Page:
I admit that the stories told can have an effect how man interprets what he sees. When I saw this on the morning, I stopped for a moment:
There is a strong expression in the vicinity of Pakasaivo that "you are being watched." So the legends told do have an impact.
Pakasaivo vicinity used to have a hut and a souvenir shop of some sort, but these were dismantled in 2016. There still is a designated fire making place, a firewood shed, and an outhouse. There used to be multiple wooden walking platforms surrounding Pakasaivo in south and in the east, but now the walking platform in the east has been dismantled due to poor condition, and only the walking platform of the south remains. I do not much wonder that the walking platforms are being neglected and dismantled when time renders them unusable, they offer a very limited view to Pakasaivo and for many, it is not satisfactory.
The essence of the local soil is that it cracks and moves towards the lake. The person moving in Pakasaivo vicinity is being pulled towards the deep core, from which there is no return. It's understandable that walking platforms have been installed, but it's equally understandable that people choose their own paths to satisfy their curiosity. Just by walking there, the stony structures fall apart. Boots with adequate protection are strongly recommended.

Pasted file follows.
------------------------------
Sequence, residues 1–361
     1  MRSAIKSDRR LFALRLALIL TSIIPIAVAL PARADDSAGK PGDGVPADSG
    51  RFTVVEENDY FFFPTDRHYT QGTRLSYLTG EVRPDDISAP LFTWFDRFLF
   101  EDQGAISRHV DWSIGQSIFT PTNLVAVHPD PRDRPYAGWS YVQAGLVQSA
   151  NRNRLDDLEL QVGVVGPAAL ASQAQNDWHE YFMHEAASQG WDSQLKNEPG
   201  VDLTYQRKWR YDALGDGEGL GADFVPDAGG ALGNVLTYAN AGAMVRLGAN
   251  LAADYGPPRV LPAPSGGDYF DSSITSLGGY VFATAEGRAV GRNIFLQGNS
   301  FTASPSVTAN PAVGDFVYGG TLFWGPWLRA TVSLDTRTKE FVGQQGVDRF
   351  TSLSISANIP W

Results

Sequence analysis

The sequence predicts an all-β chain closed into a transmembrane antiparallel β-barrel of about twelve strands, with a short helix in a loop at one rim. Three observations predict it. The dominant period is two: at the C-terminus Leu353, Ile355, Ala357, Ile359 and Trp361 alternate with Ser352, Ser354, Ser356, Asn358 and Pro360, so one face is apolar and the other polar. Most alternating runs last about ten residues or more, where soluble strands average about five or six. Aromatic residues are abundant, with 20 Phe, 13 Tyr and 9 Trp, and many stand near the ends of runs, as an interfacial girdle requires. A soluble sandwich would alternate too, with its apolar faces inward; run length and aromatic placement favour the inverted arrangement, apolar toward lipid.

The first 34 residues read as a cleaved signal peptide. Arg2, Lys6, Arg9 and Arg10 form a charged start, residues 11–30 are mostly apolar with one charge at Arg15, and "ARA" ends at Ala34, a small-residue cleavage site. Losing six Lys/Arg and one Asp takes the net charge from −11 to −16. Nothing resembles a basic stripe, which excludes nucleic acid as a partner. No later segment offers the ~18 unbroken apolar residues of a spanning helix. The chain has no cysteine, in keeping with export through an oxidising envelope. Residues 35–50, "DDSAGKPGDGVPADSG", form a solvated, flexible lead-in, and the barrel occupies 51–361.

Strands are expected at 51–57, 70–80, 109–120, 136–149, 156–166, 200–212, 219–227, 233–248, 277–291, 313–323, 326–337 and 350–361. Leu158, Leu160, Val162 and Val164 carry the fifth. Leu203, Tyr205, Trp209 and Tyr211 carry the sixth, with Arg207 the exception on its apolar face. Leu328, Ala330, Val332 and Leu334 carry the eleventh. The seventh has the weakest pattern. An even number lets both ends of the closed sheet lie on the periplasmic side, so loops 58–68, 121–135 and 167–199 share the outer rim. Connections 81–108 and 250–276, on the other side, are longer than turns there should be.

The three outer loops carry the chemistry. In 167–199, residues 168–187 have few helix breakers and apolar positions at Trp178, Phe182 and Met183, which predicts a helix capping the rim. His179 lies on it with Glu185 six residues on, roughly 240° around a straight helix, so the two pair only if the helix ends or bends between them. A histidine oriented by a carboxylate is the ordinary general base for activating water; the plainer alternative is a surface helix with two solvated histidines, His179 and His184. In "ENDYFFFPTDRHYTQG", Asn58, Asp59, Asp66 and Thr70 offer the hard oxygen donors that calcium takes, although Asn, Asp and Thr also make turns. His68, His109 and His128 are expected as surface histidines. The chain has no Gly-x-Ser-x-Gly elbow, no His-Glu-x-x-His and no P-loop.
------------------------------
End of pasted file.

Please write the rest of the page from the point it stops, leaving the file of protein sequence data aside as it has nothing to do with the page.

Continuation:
Risks are obvious, and there are plenty of them, but they are worth taking.
There's a cave in Pakasaivo, which I have read of from multiple sources and tried to find many times when visiting Pakasaivo, to no avail. It seemed there wasn't even a hint of cave anywhere in the area. One summer I finally understood I had been looking directly into it all those years. The location of the cave has been reported to be difficult and some claim "it's only accessible by boat". I think that was one of the primary reasons why I had been skipping the most obvious position of the cave all the time I had spent looking for it. A proverb says if you want to hide something very cleverly, you should hide it right under seeker's feet. That proverb describes perfectly my relationship with the cave in Pakasaivo. I had scanned the circular basin with binoculars from all angles I could think of and checked every shaded, dark spot in the terrain that somehow resembled a cavity of some sort, just to find out when I went to these spots that they were plays of light and shadows. I reasoned that if there's a cave it's entrance shows as a dark spot from the distance. Although it's not necessarily so (if the sun is shining directly into the cave and I am watching the cave from the direction where the light is coming from, I guess it's not a black hole then), this presupposition proved to be correct. The biggest problem in finding it was that I assumed that if it's difficult to access, it must be as far away from the tourist spot as possible. It turned out to be the opposite way. It was right under the tourist spot.
It's true getting there is tricky and dangerous, but I don't quite understand the claim of this cave being accessible only by boat. One simply has to carefully move sideways towards the cave. In my opinion, it doesn't get that much safer by boat, since one still must climb and take all the same risks.
I incorrectly assumed that the cave would be at the waterline, since it was claimed to be only accessible by boat. It's not and one has to climb boat or no boat.
I didn't feel very safe inside this "cave". Here are a few pics from the inside.
Those pics revealed why I didn't feel safe. It seems to be a very fragile structure, ready to collapse at any moment.
Let's peek outside the cave. These are the rock walls surrounding it.